In May at Xigera Safari Lodge, we unveiled a brand-new partnership with Wild Entrust Africa to introduce three impactful new community-focused projects, covering conservation, education and women’s empowerment, for the region’s local Habu community. This exciting new partnership has been facilitated by The TreadRight Foundation.

Together, we are working on new sustainable social enterprise and community development projects which include, The Village Greens & Women’s Empowerment Project, Village Lights and Coaching Conservation Programme. Read more about these programmes.

Dan Myburg

© Dan Myburg

This month, hear more from Wild Entrust Africa on what progress has been made so far over the past couple of months...

Village Greens – women and youth cooperative


Advances to The Village Greens programme were made. We reinforced the garden pump house, connecting the JoJo tank to the water reticulation system, and identifying and garnering funds for two new positions in garden maintenance and security. 

The development of the Women and Youth Cooperative continued as planned, under guidance from the Local Entrepreneurial Agency (LEA), and we aimed to have the executive committee selected and the cooperative registered by the end of August.


Having previously met with villagers from Habu and obtained consensus for the establishment of a Habu Women and Youth Cooperative, a second meeting of prospective members of the co-operative was convened again in Habu on 19th August.

The liaison officer at the Ministry of Trade and Industry’s Department for Cooperative Development in the district is Ms Rebeccah Korejezu. She is very keen to engage with the newly elected Steering Committee in order to register the organisation by end of September 2021.

Village Lights – Children's reading initiative


We held a meeting on 14th June, which introduced the Village Greens and Village Lights projects to unemployed women and youth of Habu village and since then, we have got to work, making sure that the village lights package was ready.

The children’s books packages included 10 different reading materials (written by Batswana writers) the solar light and coloured pencils were prepared.

We are currently at the beginning of the baseline survey. The survey is essential for our monitoring and evaluation. The key thing is to examine what impact the provision of lights will have, and what the reading materials provided taught the children as well as helping them learn to read generally. A post-survey will be conducted after the distribution of the children's packages for data comparison.

Schools closed early due to the rising number of Covid-19 cases, inhibiting us from distributing the packages or pursuing conversations about the Village Lights. We did however prepare for schools to reopen.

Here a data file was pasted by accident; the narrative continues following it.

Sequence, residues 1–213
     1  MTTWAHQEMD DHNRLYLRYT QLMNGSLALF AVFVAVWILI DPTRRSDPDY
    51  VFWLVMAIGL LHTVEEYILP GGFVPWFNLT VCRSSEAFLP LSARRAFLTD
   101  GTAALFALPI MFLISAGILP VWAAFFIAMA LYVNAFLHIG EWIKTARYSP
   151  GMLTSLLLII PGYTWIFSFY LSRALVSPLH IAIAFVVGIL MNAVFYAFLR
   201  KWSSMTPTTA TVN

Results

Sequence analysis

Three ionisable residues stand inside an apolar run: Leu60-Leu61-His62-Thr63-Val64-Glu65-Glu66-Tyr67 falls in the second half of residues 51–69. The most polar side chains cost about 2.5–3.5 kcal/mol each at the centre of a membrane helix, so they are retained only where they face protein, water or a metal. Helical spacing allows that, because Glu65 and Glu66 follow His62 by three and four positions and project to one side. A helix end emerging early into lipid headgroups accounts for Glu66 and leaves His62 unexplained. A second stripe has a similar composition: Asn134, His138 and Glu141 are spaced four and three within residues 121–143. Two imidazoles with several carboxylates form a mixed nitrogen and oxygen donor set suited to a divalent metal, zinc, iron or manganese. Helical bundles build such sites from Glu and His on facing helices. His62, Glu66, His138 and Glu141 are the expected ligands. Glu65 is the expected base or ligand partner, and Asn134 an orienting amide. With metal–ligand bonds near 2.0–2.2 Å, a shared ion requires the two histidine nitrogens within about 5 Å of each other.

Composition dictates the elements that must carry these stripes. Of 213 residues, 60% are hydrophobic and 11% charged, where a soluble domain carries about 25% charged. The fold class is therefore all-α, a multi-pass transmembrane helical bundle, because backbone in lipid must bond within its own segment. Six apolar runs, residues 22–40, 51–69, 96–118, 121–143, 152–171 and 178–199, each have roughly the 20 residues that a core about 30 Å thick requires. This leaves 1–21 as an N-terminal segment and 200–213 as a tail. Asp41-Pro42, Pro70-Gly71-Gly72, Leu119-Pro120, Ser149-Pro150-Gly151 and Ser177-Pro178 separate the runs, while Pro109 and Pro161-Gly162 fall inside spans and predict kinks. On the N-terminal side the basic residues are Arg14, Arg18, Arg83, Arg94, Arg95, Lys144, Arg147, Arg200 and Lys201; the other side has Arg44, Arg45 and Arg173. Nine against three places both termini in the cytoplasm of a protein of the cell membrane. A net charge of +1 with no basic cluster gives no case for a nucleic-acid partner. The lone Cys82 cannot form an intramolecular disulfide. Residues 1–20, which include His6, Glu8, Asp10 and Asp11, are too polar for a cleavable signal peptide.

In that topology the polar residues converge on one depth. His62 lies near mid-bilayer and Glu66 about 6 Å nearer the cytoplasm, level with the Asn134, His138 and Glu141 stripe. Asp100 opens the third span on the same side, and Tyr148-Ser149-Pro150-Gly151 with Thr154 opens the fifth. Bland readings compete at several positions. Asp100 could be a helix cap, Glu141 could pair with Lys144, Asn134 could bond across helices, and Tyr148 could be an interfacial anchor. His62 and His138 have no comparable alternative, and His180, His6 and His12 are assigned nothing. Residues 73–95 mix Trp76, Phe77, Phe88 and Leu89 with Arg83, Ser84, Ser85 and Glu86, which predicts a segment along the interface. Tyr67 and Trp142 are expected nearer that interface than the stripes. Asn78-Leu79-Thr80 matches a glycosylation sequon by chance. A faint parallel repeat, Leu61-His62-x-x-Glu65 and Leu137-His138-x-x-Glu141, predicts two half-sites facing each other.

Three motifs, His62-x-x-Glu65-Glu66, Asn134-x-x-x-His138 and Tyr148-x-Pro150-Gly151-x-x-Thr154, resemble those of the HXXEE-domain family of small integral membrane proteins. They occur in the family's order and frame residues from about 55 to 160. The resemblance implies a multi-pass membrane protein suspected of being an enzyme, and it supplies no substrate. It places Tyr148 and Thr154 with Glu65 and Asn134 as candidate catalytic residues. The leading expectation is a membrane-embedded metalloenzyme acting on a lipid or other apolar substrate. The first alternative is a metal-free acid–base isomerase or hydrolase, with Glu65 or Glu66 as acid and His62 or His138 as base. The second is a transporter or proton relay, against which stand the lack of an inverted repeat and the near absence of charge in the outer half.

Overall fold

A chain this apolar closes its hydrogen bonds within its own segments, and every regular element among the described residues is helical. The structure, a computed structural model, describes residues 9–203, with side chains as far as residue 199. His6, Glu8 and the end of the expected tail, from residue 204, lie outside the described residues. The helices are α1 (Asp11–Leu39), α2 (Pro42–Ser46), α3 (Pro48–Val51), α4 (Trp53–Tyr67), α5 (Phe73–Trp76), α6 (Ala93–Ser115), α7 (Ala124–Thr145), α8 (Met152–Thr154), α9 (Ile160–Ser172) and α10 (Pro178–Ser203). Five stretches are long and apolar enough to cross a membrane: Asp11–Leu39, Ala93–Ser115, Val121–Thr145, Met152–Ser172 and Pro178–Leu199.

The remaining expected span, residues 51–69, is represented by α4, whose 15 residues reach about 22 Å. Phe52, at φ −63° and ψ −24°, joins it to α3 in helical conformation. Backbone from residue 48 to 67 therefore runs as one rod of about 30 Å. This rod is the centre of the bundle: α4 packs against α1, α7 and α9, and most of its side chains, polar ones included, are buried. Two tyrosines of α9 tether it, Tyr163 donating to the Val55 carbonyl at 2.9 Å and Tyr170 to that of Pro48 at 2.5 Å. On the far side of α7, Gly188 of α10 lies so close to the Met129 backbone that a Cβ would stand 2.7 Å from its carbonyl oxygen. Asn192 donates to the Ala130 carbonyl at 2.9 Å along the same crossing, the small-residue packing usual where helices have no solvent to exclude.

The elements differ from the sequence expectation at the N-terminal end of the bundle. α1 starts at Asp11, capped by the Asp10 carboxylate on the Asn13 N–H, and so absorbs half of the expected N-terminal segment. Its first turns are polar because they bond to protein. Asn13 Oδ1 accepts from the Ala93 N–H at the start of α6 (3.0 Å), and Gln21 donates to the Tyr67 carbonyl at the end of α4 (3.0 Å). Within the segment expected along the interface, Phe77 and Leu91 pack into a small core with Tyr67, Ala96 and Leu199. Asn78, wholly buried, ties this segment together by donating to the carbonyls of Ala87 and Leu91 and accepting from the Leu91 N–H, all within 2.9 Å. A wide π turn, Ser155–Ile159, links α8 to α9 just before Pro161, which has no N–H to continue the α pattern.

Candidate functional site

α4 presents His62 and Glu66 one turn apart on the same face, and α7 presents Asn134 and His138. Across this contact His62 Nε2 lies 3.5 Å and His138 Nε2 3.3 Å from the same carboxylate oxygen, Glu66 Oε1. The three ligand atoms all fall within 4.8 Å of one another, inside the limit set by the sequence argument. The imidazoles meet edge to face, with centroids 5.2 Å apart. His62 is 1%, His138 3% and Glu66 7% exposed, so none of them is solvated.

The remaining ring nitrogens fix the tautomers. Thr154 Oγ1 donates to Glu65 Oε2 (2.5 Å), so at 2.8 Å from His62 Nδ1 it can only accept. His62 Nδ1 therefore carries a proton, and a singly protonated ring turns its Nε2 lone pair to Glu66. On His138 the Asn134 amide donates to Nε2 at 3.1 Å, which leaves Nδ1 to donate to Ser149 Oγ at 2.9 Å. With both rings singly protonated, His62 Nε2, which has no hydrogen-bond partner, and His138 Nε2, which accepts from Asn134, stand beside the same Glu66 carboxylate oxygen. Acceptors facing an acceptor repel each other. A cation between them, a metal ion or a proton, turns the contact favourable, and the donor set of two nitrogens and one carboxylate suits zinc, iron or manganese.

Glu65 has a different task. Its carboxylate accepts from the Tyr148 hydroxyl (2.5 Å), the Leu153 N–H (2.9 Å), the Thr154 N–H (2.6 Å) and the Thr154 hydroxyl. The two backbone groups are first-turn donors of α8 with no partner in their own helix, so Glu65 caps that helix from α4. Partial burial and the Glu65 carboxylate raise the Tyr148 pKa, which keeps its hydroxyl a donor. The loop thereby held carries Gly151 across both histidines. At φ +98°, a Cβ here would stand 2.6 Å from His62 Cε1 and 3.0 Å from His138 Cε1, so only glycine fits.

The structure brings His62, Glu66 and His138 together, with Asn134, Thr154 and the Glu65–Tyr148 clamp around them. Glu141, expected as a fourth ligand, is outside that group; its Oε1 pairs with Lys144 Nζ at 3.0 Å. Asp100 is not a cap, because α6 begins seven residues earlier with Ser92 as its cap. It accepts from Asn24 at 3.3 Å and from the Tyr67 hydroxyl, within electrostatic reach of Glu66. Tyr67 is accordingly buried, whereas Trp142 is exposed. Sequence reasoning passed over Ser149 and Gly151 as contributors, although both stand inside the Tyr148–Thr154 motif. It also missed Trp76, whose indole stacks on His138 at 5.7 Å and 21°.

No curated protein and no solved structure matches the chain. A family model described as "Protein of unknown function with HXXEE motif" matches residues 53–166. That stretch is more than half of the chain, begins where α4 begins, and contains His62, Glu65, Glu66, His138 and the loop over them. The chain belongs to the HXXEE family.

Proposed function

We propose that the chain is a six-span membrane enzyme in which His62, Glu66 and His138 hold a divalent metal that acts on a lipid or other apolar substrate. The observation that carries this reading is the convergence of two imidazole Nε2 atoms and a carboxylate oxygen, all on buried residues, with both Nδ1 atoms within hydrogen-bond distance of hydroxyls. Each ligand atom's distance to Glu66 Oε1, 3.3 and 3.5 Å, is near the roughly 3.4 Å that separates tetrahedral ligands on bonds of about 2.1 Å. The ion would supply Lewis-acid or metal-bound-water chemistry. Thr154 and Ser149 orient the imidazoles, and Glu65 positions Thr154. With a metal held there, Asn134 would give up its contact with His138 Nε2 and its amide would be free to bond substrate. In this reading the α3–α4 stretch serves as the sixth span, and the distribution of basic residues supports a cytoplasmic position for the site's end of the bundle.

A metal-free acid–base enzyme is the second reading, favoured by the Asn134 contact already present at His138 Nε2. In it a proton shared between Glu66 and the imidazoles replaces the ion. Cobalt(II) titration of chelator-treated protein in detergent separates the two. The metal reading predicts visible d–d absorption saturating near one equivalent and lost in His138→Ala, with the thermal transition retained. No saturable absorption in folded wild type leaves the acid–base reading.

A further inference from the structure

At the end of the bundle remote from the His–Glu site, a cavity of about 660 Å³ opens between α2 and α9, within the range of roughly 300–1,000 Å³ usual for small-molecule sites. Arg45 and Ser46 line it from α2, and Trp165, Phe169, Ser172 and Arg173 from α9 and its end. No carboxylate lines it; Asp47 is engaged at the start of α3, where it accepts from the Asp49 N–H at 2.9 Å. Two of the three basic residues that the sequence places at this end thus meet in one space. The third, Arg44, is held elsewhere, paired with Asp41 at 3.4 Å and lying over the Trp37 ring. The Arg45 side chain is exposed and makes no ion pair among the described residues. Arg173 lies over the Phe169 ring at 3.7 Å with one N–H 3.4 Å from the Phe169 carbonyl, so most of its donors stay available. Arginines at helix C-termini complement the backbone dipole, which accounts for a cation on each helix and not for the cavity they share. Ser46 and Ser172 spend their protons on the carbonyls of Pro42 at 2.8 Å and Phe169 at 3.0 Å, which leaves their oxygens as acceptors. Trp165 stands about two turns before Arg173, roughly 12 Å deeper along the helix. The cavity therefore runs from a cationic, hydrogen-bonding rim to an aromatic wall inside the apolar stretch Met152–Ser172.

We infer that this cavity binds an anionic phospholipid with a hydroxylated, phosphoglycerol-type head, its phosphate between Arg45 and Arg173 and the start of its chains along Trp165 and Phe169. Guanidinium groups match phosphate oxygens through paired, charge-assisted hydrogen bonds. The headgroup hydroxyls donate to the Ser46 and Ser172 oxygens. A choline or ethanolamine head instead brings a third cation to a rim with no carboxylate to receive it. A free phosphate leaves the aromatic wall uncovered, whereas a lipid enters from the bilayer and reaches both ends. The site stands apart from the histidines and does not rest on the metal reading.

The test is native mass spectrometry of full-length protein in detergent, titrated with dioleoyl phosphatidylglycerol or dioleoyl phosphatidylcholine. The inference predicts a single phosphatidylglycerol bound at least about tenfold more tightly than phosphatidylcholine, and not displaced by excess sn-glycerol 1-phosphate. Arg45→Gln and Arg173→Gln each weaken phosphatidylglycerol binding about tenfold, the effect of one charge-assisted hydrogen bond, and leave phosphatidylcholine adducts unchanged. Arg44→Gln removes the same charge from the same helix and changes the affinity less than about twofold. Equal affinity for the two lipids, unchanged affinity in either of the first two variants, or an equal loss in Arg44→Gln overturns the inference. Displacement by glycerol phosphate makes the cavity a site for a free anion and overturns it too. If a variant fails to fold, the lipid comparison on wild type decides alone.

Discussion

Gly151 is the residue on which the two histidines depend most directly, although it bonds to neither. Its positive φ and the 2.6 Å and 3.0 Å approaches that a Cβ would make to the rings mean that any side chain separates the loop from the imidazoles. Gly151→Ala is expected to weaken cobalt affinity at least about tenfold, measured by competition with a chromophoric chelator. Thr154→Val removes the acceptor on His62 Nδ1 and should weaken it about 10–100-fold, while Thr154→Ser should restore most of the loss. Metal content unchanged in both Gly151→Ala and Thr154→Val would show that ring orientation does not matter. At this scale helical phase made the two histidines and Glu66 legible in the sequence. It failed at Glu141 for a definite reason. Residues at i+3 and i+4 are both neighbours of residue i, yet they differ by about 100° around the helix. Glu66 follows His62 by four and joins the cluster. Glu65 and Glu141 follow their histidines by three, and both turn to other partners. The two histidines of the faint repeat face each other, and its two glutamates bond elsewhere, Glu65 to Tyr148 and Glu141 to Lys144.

We aim to recruit a local young person who will be in Habu full-time carrying out our programmes. These will include the Village Lights book club with the intention of children learning to read, while, reading to learn. Creating a book club will also help us identify the reading levels of learners.


The Coaching Conservation Team were in Habu for four days, doing baseline work for the Village Lights project.

Okavango Filming joined us to capture stories for our media coverage. We covered 'a day in the life' of an 11-year-old girl and her mother. The aim is to understand a normal day-to-day life in the village prior to us giving every upper primary student a village Lights package.

This is to ensure that our monitoring and evaluation protocols are followed and we are able to show impact and change as a result of the initiative. After the children have received the lights and books we hope to see a vast difference in how they spend their day especially the younger children.

The survey is designed to obtain baseline information about what sort of artificial lights are being used in the households and what type of reading the children and adults were doing. In the three days we were there, we managed to survey 117 households in and around Habu. The experience was beneficial for the coaches who had a chance to interact with the villagers and talk about our programme with the community. It also helped to introduce them to all the other Wild Entrust projects being carried out in Habu.

As planned in July, we have identified Kewarona Lasaro as a potential Education Officer who will work under both Coaching Conservation and Community Coexistence as a liaison. He is a renowned traditional dancer and loves to read. We look forward to him joining our team.